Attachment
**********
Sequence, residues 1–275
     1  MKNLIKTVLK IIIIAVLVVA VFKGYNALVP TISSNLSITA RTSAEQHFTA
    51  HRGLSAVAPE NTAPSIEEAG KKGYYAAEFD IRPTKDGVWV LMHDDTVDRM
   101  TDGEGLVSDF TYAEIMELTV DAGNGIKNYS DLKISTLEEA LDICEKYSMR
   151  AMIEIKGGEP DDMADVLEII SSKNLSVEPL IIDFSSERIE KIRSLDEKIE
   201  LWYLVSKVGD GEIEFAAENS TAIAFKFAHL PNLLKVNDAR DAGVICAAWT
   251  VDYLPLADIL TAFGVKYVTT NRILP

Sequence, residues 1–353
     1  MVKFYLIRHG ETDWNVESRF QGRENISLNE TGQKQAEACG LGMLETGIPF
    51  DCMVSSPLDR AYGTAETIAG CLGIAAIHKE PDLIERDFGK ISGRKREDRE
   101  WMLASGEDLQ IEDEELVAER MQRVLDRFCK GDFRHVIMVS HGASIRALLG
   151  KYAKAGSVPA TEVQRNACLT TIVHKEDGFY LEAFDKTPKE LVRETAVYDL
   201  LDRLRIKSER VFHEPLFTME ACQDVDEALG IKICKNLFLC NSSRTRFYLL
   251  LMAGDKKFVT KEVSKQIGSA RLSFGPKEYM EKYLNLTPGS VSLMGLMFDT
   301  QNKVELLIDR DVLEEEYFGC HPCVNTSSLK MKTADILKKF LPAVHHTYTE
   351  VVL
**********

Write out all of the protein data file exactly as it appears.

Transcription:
Sequence, residues 1–275
     1  MKNLIKTVLK IIIIAVLVVA VFKGYNALVP TISSNLSITA RTSAEQHFTA
    51  HRGLSAVAPE NTAPSIEEAG KKGYYAAEFD IRPTKDGVWV LMHDDTVDRM
   101  TDGEGLVSDF TYAEIMELTV DAGNGIKNYS DLKISTLEEA LDICEKYSMR
   151  AMIEIKGGEP DDMADVLEII SSKNLSVEPL IIDFSSERIE KIRSLDEKIE
   201  LWYLVSKVGD GEIEFAAENS TAIAFKFAHL PNLLKVNDAR DAGVICAAWT
   251  VDYLPLADIL TAFGVKYVTT NRILP

Sequence, residues 1–353
     1  MVKFYLIRHG ETDWNVESRF QGRENISLNE TGQKQAEACG LGMLETGIPF
    51  DCMVSSPLDR AYGTAETIAG CLGIAAIHKE PDLIERDFGK ISGRKREDRE
   101  WMLASGEDLQ IEDEELVAER MQRVLDRFCK GDFRHVIMVS HGASIRALLG
   151  KYAKAGSVPA TEVQRNACLT TIVHKEDGFY LEAFDKTPKE LVRETAVYDL
   201  LDRLRIKSER VFHEPLFTME ACQDVDEALG IKICKNLFLC NSSRTRFYLL
   251  LMAGDKKFVT KEVSKQIGSA RLSFGPKEYM EKYLNLTPGS VSLMGLMFDT
   301  QNKVELLIDR DVLEEEYFGC HPCVNTSSLK MKTADILKKF LPAVHHTYTE
   351  VVL